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Training individuals in suicide prevention: Individual and organizational characteristics of effective gatekeepers

ProQuest Dissertations and Theses, 2011
Dissertation
Author: Jeffery Taylor Moore
Abstract:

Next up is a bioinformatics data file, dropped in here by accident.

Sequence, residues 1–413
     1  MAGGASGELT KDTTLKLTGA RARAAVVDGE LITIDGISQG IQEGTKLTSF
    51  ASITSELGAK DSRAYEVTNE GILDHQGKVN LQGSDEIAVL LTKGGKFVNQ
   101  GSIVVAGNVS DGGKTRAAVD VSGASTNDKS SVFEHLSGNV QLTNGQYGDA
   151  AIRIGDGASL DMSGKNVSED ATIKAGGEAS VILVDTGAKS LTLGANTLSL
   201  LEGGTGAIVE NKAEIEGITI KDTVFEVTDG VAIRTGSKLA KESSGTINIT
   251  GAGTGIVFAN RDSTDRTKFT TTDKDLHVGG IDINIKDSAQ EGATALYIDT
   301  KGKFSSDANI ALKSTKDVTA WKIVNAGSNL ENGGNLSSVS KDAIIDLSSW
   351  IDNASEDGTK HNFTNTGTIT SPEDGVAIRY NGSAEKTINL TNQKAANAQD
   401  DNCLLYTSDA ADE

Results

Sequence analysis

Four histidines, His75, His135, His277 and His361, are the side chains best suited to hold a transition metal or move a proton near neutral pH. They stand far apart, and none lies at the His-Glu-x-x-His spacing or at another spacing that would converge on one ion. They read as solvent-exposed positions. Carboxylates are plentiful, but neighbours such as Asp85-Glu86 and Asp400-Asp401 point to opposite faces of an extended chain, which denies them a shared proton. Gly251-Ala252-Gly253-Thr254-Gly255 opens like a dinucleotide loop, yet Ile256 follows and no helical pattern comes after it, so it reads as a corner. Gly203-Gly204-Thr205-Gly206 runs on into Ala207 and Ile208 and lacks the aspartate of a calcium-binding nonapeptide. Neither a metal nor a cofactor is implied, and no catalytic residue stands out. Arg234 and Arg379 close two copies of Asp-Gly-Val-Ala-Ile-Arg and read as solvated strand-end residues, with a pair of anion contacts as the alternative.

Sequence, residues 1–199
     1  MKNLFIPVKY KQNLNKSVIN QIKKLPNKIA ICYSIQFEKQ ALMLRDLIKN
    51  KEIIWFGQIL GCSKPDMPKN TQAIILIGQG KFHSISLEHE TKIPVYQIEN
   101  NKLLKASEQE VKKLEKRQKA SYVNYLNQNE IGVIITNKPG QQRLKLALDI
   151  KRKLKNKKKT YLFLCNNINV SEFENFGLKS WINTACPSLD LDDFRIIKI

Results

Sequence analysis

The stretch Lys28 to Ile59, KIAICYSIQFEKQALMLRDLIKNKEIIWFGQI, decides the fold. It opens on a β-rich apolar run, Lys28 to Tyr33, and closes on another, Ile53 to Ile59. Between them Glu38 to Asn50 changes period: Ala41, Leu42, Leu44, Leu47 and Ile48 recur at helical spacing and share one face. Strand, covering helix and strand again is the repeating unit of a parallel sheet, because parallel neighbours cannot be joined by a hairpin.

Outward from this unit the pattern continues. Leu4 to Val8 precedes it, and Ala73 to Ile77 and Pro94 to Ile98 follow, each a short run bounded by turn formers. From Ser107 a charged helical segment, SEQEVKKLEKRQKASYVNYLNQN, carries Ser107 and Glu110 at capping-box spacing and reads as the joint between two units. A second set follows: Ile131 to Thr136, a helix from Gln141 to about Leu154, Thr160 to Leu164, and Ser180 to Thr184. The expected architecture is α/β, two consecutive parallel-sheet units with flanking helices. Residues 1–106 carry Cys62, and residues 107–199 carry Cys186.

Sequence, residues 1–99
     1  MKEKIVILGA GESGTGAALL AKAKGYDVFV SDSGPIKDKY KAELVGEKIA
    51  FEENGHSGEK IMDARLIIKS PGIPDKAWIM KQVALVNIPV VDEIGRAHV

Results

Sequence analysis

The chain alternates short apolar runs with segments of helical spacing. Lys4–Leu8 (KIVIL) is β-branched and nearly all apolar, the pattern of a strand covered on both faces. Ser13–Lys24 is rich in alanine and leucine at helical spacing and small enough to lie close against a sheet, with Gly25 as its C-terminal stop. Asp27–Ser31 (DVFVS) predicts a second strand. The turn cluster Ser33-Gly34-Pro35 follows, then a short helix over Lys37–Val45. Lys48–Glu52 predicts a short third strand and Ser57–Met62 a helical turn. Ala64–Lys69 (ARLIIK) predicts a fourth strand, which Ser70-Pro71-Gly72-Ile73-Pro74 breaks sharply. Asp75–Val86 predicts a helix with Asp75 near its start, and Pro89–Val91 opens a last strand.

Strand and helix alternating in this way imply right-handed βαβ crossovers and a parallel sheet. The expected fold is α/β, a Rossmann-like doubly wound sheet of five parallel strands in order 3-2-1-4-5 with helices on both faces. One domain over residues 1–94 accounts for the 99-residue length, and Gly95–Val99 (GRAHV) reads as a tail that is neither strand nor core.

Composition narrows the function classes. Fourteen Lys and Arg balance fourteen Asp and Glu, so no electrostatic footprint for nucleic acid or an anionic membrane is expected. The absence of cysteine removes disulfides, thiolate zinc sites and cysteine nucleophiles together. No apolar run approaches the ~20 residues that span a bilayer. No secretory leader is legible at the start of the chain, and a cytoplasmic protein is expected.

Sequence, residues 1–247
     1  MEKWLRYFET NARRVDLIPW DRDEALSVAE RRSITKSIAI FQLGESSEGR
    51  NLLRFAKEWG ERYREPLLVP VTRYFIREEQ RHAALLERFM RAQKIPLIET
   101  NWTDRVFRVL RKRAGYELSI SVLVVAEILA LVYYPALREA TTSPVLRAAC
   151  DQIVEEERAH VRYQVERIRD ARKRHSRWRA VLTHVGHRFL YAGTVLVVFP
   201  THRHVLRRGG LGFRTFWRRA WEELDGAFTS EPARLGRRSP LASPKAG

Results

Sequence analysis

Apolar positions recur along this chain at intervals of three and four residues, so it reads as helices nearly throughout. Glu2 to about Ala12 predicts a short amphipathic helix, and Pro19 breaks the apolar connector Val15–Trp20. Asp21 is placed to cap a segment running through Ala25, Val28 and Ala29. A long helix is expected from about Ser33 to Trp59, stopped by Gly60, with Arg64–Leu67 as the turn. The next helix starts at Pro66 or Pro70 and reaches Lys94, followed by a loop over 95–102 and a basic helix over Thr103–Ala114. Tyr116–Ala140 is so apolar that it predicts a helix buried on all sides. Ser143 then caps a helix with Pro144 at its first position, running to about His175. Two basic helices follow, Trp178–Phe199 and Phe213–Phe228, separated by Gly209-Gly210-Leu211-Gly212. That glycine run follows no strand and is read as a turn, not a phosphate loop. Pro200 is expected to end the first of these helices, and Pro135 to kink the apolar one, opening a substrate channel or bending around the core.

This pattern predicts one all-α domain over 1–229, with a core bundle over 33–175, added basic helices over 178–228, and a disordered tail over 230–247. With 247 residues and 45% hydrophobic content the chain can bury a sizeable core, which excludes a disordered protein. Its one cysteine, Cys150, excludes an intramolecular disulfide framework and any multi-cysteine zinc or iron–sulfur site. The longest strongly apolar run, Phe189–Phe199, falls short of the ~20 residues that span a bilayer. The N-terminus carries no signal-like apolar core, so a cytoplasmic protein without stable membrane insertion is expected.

Suicide remains a major public health problem in the United States. Training individuals known as gatekeepers to identify the signs and behaviors of suicide risk has been one of the most widely adopted prevention strategies. Due to financial constraints, it is not possible to train all members of a community as gatekeepers. Thus, it is more fiscally responsible to selectively train individuals within a community who possess key characteristics that will make them more effective gatekeepers. In this dissertation, the personality and organizational characteristics of effective gatekeepers were explored. Specifically, personality characteristics: Emotional Intelligence and Altruism, and organizational characteristics: social support, perceived organizational support, and gatekeeper role conflict were investigated as predictors of gatekeeper behavior. Two hundred and eighteen gatekeepers completed surveys immediately prior, immediately after, and six months following training that consisted of self-report measures of personality and organizational characteristics, and gatekeeper behavior. Poisson regression was employed to analyze the data because of the low-base rate occurrence of gatekeeper behavior. Analyses were conducted separately for the two gatekeeper training programs (ASIST & QPR). Mixed results were found in this study. Gatekeepers trained in ASIST were high in Emotional Intelligence and Altruism, resulting in range restriction. Gatekeepers trained in QPR varied more on personality characteristics, and Altruism positively predicted gatekeeper behavior six months following training. In terms of organizational predictors of gatekeeper behavior, supervisor emotional support buffered the relationship between gatekeeper role conflict and gatekeeper behavior for ASIST participants. The findings have direct implications for the training of community members as gatekeepers. Specifically, how selection principles can be applied to gatekeeper training, as well as how social support can be improved in organizations so that gatekeepers can overcome barriers (such as role conflict) in order to increase the effectiveness of trained gatekeepers. Although a number of limitations were present in the current study (i.e., low response rate and inability to generalize the findings), the potential application of these findings presents the opportunity to significantly change who is selected for training as a gatekeeper and how trainings are conducted. Future research directions include the measurement of gatekeeper behavior and effectiveness of gatekeepers.